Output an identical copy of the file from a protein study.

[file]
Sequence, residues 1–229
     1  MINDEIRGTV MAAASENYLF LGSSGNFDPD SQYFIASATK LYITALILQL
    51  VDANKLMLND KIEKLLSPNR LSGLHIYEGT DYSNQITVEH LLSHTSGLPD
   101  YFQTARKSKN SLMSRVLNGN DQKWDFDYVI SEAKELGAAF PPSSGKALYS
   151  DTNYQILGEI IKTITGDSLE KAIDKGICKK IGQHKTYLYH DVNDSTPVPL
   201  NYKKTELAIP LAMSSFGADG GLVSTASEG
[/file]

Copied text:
Sequence, residues 1–229
     1  MINDEIRGTV MAAASENYLF LGSSGNFDPD SQYFIASATK LYITALILQL
    51  VDANKLMLND KIEKLLSPNR LSGLHIYEGT DYSNQITVEH LLSHTSGLPD
   101  YFQTARKSKN SLMSRVLNGN DQKWDFDYVI SEAKELGAAF PPSSGKALYS
   151  DTNYQILGEI IKTITGDSLE KAIDKGICKK IGQHKTYLYH DVNDSTPVPL
   201  NYKKTELAIP LAMSSFGADG GLVSTASEG